Royal Albert Hall: We’re broke

Royal Albert Hall: We’re broke


norman lebrecht

September 08, 2020

The hall issued an emergency appeal this morning:

The Hall requires urgent public support to generate more than £20m to weather the COVID-19 storm and fulfil purpose of promoting arts and sciences for future generations

Despite Government references to the Royal Albert Hall as a “crown jewel” that must be saved, it cannot apply for any emergency grants within the £1.57bn arts and heritage sector rescue package
The usually self-sufficient charity has already forgone £18m in income in six months since COVID-19 forced its closure
To coincide with the Royal Albert Hall giving evidence to the DCMS Select Committee on the viability of performance venues to open adhering to social distancing rules, the Hall is launching a plea for public donations to help ensure its survival.

When the COVID-19 pandemic forced the Hall to close its doors on 17 March 2020, the Hall lost 96% of its income overnight. In the six months since then, it has forgone £18m in income, had to refund over £6.5m of ticket sales, exhausted its reserves and cancelled all but the most critical building projects.

Despite recent fanfare regarding the Government’s £1.57bn rescue package for the arts sector, the Hall is not eligible for an emergency grant, but has instead been advised to apply for a loan, which, if successful, it will receive in December, nine months after its ability to generate income was abruptly cut off.

Craig Hassall, CEO of the Royal Albert Hall commented: “Six months on from enforced closure, and circa £18m down in lost income, we are not eligible for any of the Government’s emergency grants. This leaves us in an extremely perilous position, with no way of replacing our lost income, apart from a government loan which may or may not materialise.

“We raised concerns months ago about the potential for independent, unfunded organisations such as the Royal Albert Hall to miss out on government support, and especially having been held up by Government as a ‘crown jewel’ that must be saved. With millions of pounds of essential building work called to a halt owing to COVID we had hoped to be eligible for a capital grant but have been informed that, as we are not a portfolio of nationally spread sites, we are not eligible for this scheme.

“We are fortunate to have supportive members and private donors who have given generously, but unfortunately, the ‘Rescue Package’ fanfare has given many potential donors the false sense that we are being sufficiently supported elsewhere. The Royal Albert Hall now faces a bleak future unless it can secure not only a repayable Government loan, but also urgent donations to plug our current £20m shortfall.”



  • Andy says:

    And yet at the same time as the RAH has to wait until December to find out whether it can borrow £20M, the government admits that its rushed and badly implemented Furlough scheme has probably been defrauded by up to £3.5bn, which is,er, not surprising. The Arts have been shafted so badly that it looks deliberate.

    • alan says:

      If you are claiming the UK Govt has knowingly taken deliberate action to bring the arts to its knees over the past months for motives other than trying to stem the pandemic then produce your evidence. Incompetence, though possible and a factor, doesn’t count.

      • Gustavo says:

        Hard no-deal BREXIT + pandemic – incompetence + arts = £0

      • Angus Edmund III says:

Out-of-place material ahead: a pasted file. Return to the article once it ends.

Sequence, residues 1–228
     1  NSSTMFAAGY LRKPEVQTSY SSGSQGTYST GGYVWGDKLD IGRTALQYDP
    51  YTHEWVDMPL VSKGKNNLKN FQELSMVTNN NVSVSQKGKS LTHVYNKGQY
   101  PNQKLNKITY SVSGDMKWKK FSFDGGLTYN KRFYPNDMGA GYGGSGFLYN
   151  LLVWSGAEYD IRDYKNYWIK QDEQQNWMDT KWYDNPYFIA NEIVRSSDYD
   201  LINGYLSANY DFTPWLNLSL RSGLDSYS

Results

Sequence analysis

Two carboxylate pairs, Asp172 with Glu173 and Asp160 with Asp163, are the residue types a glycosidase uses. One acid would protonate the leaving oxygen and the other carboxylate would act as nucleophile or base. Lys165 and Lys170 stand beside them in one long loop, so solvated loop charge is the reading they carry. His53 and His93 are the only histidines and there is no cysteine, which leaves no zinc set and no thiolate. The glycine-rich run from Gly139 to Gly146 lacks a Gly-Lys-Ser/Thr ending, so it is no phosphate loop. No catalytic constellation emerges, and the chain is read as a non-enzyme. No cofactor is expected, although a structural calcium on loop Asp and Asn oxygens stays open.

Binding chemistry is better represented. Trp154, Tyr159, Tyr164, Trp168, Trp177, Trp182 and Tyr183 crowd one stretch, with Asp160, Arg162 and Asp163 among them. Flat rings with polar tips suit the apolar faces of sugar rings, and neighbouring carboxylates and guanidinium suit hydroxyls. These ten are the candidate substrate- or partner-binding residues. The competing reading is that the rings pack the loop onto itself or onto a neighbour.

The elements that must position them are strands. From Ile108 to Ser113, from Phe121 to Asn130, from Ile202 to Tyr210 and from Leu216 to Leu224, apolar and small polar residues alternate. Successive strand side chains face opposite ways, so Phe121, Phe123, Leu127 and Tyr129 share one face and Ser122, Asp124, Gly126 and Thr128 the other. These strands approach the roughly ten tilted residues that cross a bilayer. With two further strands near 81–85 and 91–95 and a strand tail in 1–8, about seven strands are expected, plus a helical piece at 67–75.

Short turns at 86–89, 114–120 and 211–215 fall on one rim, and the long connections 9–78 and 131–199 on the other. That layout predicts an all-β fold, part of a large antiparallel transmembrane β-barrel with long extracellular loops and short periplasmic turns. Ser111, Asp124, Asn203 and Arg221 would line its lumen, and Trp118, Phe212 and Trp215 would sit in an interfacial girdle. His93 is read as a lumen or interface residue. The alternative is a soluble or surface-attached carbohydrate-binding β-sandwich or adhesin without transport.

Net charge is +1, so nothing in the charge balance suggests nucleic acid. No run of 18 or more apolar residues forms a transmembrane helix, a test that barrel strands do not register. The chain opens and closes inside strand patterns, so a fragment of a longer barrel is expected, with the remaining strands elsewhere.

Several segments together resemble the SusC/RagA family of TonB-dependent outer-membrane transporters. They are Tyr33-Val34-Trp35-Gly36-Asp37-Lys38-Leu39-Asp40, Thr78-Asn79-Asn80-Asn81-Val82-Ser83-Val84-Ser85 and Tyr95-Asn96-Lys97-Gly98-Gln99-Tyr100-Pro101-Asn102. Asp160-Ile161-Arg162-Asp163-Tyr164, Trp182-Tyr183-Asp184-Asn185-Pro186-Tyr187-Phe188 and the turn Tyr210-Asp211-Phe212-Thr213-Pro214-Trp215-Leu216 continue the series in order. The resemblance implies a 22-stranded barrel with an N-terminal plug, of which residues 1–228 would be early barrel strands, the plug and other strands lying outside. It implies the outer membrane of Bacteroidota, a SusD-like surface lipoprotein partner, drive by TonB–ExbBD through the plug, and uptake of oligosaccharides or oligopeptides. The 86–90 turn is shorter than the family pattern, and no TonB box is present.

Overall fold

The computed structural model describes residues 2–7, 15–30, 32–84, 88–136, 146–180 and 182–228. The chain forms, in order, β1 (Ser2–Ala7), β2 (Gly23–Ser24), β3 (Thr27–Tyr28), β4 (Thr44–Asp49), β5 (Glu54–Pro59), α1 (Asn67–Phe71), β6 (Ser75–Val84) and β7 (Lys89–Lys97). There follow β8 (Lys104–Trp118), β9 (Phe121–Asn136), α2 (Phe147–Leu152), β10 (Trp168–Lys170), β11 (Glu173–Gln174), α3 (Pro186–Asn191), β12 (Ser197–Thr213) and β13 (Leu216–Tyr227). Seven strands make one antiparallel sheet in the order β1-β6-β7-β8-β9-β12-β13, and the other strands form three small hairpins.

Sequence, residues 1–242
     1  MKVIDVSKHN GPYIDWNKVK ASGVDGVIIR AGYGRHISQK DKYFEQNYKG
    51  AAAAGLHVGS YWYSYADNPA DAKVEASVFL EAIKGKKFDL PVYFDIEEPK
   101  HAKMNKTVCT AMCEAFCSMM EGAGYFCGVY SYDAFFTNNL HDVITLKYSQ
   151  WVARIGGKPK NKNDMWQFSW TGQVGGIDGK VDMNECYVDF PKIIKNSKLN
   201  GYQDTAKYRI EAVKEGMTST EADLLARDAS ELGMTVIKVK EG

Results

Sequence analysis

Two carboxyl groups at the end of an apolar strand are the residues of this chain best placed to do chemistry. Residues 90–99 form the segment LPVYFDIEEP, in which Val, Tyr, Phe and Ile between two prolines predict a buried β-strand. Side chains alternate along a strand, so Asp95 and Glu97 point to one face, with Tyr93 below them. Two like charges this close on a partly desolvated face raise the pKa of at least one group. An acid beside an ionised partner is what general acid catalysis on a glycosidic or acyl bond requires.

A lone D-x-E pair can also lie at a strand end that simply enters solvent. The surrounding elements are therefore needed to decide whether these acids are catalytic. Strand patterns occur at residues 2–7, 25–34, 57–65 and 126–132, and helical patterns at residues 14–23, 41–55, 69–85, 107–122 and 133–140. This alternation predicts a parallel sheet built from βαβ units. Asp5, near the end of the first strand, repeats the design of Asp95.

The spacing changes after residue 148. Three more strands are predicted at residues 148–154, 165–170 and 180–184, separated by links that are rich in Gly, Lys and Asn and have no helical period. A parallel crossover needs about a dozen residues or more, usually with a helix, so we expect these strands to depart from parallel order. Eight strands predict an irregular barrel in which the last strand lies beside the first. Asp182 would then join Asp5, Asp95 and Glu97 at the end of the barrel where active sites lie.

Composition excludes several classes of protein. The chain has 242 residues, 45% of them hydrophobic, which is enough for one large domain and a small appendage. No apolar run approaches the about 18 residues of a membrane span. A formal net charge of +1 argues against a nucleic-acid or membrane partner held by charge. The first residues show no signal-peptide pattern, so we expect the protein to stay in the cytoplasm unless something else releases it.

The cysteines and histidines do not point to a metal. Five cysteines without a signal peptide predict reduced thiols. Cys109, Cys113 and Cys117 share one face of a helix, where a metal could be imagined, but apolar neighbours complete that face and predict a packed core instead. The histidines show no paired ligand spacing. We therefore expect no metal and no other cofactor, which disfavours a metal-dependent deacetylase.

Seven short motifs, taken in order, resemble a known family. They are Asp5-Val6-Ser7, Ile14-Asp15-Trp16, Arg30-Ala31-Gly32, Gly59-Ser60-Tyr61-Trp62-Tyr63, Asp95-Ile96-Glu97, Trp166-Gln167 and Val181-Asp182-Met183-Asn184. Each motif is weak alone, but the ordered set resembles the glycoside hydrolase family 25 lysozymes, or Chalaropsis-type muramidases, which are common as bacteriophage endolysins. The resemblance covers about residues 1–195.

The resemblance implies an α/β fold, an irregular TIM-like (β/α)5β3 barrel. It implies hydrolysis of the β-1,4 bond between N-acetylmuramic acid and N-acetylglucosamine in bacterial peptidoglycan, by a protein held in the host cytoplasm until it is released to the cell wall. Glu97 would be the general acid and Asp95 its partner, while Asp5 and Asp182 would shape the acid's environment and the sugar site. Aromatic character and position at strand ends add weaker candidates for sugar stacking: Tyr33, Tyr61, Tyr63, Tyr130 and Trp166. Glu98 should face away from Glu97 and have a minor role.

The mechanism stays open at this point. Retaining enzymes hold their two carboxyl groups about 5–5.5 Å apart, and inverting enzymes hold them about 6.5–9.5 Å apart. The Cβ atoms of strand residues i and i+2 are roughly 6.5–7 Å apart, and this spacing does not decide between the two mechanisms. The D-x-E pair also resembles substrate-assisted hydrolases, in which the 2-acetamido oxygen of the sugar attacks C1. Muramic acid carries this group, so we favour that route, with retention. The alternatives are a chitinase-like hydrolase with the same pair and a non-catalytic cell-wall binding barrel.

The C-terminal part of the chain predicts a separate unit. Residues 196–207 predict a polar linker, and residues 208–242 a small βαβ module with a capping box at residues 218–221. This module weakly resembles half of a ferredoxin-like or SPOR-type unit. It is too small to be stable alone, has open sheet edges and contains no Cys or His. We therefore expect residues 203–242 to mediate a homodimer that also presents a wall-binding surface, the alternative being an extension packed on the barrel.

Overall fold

One really should not have expected such utter vulnerability so early on in a situation like this considering the extremely high standards these snotty “highly educated professionals” used as barriers to their world. Well, former world at this point.

        Financial incompetence at most of these halls and opera houses has historically and sadly been all too common. Hence the constant need for donor or government intervention.

        It’s amazing as a business owner myself that they haven’t had the most basic cash reserves, savings, investment structure, lines of credit or business interruption insurance, etc mechanisms well in place to make them self-sufficient by now.

        Emotionally going on and on about how different or extraordinary the pandemic is won’t solve anything as venues and agencies quickly go dark; not to mention the artists completely left out in the cold with no resources.

        As these institutions continue to rapidly fail, I hope hedge funds snap them up for salvage, trim all of the fat, put new management in and get them running again soon. Otherwise we’re going to have a lot of hopelessly large abandoned buildings subject to vandals and typical neglect.

        • The Ghost of Karlos Cleiber says:

          Angus, I can only assume from this that you’ve never even attempted to look at the finances of running an arts organisation.

          Let’s deal with the insurance point first of all: all big venues *do* have insurance. Most of which, on this occasion, have found that their insurers refuse to pay out (thanks, largely, to the government’s intransigence in refusing to insist that venues closed).

          As regards the finances themselves – the two chief sources of income (which between them make up 90%+) are usually government grant, plus hire fees. This can be topped up with commercial sponsorship. If you can’t hire out your venue, your sponsors won’t contribute either.

          As to ‘why don’t these places have reserves and investments’ – well, if they had a surplus of any size at the end of the year, they wouldn’t be getting a grant. The surplus most large places manage, such as it is, means that in the strongest cases they may be able to build up six months’ reserves.

          There really is very little to cut – staff are invariably paid poor wages, repairs aren’t done until they are absolutely necessary. The only option is to increase hire fees enormously – but bearing in mind the likely hirers are arts organisations even more strapped for cash than the venues themselves, that’s not going to get you very far. And to state the obvious, even taking that kind of drastic action isn’t going to help if you can’t hire out your venue in any case.